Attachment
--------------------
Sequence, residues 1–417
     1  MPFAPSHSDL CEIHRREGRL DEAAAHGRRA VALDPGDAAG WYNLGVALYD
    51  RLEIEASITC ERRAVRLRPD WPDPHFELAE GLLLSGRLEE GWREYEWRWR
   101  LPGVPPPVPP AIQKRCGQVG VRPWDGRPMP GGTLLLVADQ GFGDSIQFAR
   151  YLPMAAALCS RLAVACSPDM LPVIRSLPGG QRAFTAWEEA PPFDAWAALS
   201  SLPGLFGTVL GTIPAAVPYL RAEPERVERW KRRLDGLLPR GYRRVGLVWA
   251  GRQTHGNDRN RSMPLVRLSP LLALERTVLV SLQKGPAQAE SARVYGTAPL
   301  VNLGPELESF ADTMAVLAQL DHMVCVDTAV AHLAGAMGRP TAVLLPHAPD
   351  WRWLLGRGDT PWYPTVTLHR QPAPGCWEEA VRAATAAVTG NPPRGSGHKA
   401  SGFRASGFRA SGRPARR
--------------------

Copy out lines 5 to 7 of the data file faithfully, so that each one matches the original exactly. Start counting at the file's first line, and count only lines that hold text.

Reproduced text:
   151  YLPMAAALCS RLAVACSPDM LPVIRSLPGG QRAFTAWEEA PPFDAWAALS
   201  SLPGLFGTVL GTIPAAVPYL RAEPERVERW KRRLDGLLPR GYRRVGLVWA
   251  GRQTHGNDRN RSMPLVRLSP LLALERTVLV SLQKGPAQAE SARVYGTAPL